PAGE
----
This is re-post from December 2014. My advice for parents surviving the holidays with ASD.
Now that the Holidays have arrived, how are you handling it? Becoming stressed? I can totally relate. The holidays may be stressful for everyone, but it can be even more overwhelming with families on the Autism Spectrum. i.e. Sensory overload, routines,etc. Here is something to ease your mind.
I have written for you 5 simple tips to get you through the holidays and actually enjoy them with your family. I hope.
1. Don’t Over Do it.
It’s okay to say “no” to all the invites for holiday parties and gatherings. Your child will be much happier and more comfortable celebrating in a place where he feels comfortable. If you are attending a gathering with friends or family, you may kindly excuse yourself and leave. If you have to take two cars, do it! If they are accepting of the situation normally folks will not feel offended if you need to exit the house because your child has had a meltdown.
2. Plan Ahead (Prep, prep, and more prep.)
Definitely, have a plan in place. If you are traveling by any form of transportation and visiting friends or family, prepare activities for your child. Have a familiar bag full of activities ready to go. Also have a designated quiet spot for your child to escape to when it gets too much of you happen to be staying elsewhere. Write Social Stories for visits to i.e. “The Trip to Grandma’s House.” If you are flying contact the airlines and ask what their accommodations for passengers with Autism are.
3. Maintain the Routine.
Try to keep your child’s routine as normal as possible, this will make it less stressful for everyone involved.
4. Make Gift Giving and Shopping Simple.
I cannot stress this enough. Make this process simple. Prepare ahead, only spend a minimal amount of time initially, and then gradually increase the time you spend in the mall or store. Your child’s sensory expectations will change and probably heighten while you’re in the store. Make gift giving fun and simple! Frustration can increase when given too many choices. Don’t make it difficult on yourself. Basically think simplicity. If your son is like mine, he doesn’t know about writing a list. Gift buying might become more difficult for you as it comes closer to Christmas. Stick with simple gifts!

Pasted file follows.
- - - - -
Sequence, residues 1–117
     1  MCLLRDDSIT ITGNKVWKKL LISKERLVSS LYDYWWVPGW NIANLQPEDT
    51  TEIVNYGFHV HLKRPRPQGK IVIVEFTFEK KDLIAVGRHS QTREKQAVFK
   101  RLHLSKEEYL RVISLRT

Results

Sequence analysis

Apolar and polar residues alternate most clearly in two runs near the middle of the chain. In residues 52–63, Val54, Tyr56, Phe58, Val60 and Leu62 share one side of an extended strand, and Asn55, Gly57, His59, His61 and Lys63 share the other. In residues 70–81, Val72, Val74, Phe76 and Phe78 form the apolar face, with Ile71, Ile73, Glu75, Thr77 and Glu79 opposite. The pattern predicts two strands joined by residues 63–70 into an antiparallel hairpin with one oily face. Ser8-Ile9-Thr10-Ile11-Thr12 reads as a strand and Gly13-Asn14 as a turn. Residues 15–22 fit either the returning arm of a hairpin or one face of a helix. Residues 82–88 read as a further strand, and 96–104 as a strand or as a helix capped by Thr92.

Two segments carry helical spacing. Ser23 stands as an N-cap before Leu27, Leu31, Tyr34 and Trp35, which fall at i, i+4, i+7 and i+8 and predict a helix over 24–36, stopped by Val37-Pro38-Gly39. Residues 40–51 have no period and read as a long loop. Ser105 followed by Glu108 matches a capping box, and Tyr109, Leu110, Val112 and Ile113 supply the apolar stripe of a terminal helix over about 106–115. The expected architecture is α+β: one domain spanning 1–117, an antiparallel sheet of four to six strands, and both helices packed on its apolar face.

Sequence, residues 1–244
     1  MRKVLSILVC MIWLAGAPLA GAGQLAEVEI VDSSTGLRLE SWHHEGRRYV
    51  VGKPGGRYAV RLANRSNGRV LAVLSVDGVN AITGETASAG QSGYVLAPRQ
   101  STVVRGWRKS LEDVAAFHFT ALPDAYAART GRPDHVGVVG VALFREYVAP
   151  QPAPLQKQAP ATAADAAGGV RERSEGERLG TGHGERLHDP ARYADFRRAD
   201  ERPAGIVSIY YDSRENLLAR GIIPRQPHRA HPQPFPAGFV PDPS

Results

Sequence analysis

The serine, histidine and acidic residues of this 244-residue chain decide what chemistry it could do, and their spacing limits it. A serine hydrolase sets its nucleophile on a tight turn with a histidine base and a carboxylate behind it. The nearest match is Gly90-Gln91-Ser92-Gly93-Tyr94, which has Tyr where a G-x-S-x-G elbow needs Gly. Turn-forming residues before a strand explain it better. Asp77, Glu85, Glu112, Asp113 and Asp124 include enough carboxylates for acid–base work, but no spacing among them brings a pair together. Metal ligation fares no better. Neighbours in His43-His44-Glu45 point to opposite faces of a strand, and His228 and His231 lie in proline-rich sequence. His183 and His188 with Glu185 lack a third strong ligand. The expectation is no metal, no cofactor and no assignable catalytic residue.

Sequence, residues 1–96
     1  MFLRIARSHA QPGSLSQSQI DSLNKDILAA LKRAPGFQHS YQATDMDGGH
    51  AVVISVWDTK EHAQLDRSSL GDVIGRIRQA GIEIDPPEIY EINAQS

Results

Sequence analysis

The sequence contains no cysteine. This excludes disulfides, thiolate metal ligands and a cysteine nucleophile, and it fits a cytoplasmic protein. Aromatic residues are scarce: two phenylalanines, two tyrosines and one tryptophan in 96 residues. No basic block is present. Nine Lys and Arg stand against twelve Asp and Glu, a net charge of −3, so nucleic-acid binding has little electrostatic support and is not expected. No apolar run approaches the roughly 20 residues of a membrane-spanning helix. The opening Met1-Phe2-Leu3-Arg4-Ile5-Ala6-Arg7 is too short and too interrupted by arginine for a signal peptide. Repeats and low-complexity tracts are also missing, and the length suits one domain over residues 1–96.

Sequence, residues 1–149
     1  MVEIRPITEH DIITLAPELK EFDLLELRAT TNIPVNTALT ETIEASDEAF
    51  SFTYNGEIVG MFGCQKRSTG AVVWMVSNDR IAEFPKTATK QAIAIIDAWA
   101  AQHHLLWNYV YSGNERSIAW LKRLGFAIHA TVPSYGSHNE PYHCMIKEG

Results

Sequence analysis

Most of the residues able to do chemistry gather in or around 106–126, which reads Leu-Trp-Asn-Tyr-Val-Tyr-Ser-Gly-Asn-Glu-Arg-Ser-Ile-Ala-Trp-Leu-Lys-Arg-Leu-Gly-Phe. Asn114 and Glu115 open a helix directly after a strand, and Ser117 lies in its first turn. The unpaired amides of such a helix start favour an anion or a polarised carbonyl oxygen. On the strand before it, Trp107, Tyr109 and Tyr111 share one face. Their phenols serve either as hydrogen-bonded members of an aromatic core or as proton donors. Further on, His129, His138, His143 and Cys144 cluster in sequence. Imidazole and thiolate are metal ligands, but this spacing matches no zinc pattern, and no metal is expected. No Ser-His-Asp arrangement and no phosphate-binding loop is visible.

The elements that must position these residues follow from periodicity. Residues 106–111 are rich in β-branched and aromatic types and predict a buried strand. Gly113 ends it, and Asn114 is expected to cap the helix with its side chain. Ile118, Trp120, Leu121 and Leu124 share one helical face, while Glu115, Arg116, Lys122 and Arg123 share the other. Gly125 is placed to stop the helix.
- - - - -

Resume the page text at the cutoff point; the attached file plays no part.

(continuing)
I know it is easier said than done but if you are anxious, stressed and anxiety ridden, your child will sense that something isn’t quite right. They are wonderful at picking up ques. So take your own “time out” and enjoy the holidays!
Stim Soup Copyright 2015
This is my personal story of Awareness:
Awareness: “the state or condition of being aware; having knowledge; consciousness”
Are you conscious of it? Not everyone is aware or conscious of what goes on. Period. But that goes with everything, everyday life and not just in April. I am very much Aware of Autism, I was involved with it even before it entered our life. 14 Years ago when my oldest atypical Son was three I found myself working in the public schools as a Special Ed Aide. I was going to college to teach elementary school and I figured this was a great start to work in the schools. My first job as an aide was in a K-1 Autism classroom and at the time I was pregnant with our second son. Little did I know that he would be diagnosed six years later. There was no initial shock when my son was diagnosed 7 years ago and “what do I do now”? I did not go through all the phases of denial, or grieving. I have been very immune from the beginning. Because I had been through all of it before with my mother. At 5, I was helping her up off the floor. My mother was born with Cerebral Palsy, I was an only child and my father traveled for work. She was not able to accomplish the things that most Mothers could do. She had limited mobility. Balance, coordination were difficult and fine motor skills were a struggle. I basically grew up taking care of my Mom and succumbed myself to all the strange stares from the kids when she fell numerous times from her lack of balance. At a young age I became immune to the idea of “Awareness” and what it meant. I was really too busy growing up, being the nurturing daughter, because that is all I knew and really all I know now. “The nurturing woman of massive patience.” That’s how I describe myself. Now you must be asking yourself, how does being a nurturing Mom and having plenty of patience suck? That is my battle. Years later I have finally come to terms with that the childhood I had been preparing me for the life with Autism I never expected. I do understand now, my life is immersed in Autism 24/7 and I wouldn’t change it for anything. My past apparently has given me an immunity to Awareness and I deal with it on such a different level than most. I don’t even blink an eye.
I began Stimsoup with the intention of helping people, because that is what I do best. Perhaps, helping others will give me a sense of meaning and a different perspective of “Awareness.” Maybe it’s my place in life. I never intended to be involved in Special Ed, Blogging and because I never gave it a second thought I simply pushed it aside. This may be my path in life that I have been given and who ever knew when I stepped foot into that classroom. I think my son’s Autism has been a blessing in disguise.
Take Care and Spread the Awareness! 🙂